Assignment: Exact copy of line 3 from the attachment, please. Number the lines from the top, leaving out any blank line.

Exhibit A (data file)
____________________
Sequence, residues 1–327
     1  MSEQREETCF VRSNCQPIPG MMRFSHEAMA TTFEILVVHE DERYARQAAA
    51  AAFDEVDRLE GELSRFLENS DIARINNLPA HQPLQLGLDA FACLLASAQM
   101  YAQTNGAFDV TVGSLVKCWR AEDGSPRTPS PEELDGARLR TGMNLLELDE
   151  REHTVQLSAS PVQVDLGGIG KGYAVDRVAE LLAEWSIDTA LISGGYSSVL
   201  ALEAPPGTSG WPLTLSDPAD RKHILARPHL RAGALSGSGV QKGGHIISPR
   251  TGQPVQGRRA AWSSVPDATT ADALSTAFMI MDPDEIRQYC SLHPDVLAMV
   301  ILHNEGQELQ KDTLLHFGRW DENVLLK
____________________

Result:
    51  AAFDEVDRLE GELSRFLENS DIARINNLPA HQPLQLGLDA FACLLASAQM